Catherine Campbell, DDS, Ivette Landrian, DDS, JP Zermeno, DDS, and Phillip Hamilton, DDS, all third-year residents in the UNC-Chapel Hill Adams School of Dentistry orthodontics graduate program, won resident research awards from the Southern Association of Orthodontics (SAO). They were recognized for their research at the SEO Annual Meeting in November.
“We are incredibly proud of Drs. Campbell, Hamilton, Landrian and Zermeno for their accomplishments in research and recognition by the SAO,” said George Blakey III, DDS, Raymond P. White Distinguished Professor, and chair of the Division of Craniofacial and Surgical Care. “Their commitment to excellent research not only advances the orthodontic profession, but strengthens their abilities as clinicians.”
Campbell’s research, “Understanding factors influencing orthodontist career decision-making” aims to understand the factors important to orthodontists across career stages and their impact on job satisfaction and earning potential. Campbell hopes the research will illuminate what motivates resident decision-making and provide critical information to assist in advising on career choices.
Landrian’s research, “Management of traumatically luxated permanent teeth: a retrospective study,” seeks to compare different methods of repositioning teeth after trauma or injury, including orthodontic repositioning, digital repositioning, and mixed treatment, and determine which method is most effective.
Hamilton’s research, “Comparison of open bite closure outcomes: Clear aligner vs. skeletal anchorage posterior intrusion treatment of anterior open bite,” compares different treatment modalities used to treat anterior open bite and determine the mechanism of open bite closure.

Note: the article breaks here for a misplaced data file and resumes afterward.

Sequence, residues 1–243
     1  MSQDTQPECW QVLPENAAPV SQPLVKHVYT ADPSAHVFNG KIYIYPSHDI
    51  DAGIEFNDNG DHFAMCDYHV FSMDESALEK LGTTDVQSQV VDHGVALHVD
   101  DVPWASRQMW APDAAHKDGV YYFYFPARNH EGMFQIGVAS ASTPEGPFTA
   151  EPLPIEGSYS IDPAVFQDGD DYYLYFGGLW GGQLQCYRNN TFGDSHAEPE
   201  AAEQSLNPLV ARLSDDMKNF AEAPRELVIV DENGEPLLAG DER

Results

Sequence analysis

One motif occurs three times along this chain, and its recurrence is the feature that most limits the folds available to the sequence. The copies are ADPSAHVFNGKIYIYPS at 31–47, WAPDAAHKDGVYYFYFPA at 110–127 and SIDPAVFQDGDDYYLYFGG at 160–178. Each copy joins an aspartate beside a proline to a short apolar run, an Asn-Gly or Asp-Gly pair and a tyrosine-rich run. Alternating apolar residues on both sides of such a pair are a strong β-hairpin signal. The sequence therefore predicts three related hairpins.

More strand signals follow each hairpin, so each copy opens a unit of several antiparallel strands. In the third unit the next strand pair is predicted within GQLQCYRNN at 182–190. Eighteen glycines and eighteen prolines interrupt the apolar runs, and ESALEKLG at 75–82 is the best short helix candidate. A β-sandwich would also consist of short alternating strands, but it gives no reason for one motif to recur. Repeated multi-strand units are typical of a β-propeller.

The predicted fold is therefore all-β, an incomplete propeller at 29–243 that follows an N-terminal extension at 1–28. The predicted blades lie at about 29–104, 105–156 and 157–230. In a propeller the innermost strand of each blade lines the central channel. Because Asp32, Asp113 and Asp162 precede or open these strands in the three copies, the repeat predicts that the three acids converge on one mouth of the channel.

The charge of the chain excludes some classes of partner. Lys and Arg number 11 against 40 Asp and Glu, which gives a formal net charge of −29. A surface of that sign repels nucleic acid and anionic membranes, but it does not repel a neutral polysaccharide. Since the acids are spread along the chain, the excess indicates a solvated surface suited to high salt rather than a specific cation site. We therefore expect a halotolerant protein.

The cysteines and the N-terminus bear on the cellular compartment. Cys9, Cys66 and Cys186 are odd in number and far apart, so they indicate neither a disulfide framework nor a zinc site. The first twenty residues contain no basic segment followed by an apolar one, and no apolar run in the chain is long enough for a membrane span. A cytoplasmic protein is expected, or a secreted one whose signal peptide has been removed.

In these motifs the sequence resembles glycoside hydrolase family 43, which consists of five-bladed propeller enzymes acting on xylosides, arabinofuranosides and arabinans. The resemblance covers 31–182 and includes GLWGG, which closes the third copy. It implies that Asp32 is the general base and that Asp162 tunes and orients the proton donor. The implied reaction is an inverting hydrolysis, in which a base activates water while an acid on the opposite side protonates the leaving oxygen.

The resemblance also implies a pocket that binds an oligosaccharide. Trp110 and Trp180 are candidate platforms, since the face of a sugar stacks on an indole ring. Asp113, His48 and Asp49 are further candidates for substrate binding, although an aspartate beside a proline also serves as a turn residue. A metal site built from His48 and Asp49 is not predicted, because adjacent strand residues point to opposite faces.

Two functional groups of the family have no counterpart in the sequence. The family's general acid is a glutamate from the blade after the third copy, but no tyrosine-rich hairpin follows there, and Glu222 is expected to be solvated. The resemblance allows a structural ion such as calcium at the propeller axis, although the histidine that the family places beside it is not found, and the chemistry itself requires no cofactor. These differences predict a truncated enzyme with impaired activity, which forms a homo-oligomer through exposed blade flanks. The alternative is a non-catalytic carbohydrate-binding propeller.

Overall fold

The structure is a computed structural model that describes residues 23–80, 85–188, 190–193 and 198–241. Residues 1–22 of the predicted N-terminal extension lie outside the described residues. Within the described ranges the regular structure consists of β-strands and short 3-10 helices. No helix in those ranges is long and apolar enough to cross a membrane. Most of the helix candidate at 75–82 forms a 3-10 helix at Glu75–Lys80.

Zermeno’s research, “Comparison of Regional Superimposition Techniques: Accuracy and Precision of Methodologies” studies different methods of monitoring skeletal and dental changes over time.
“The mission of the Adams School of Dentistry is to become the global model for oral health education, in care and discovery. The accomplishments of these orthodontic residents demonstrate that they and their faculty mentors are living this mission,” said Associate Dean for Research, Shannon Wallet, PhD.
“These residents are using the art and science of discovery and multidisciplinary approaches to improve the clinical care for their patients. I am significantly impressed with the breadth and depth of research being performed by our orthodontic community. The acknowledgement by the Southern Association of Orthodontics for the stellar research performed by these four residents speaks not only to their accomplishments, but to the caliber of our graduate program and their faculty mentorship.”
Founded in 1921, the SAO has approximately 2,500 members in all categories, and is the second largest of the regional (constituent) associations of the American Association of Orthodontists.
The mission of the SAO is to support its members through promotion of the specialty of orthodontics dedicated to quality patient care, continuing education and political advocacy.
The SAO represents members in Alabama, Florida, Georgia, Kentucky, Louisiana (east of the Mississippi), Mississippi, North Carolina, South Carolina, Tennessee, Virginia, and West Virginia.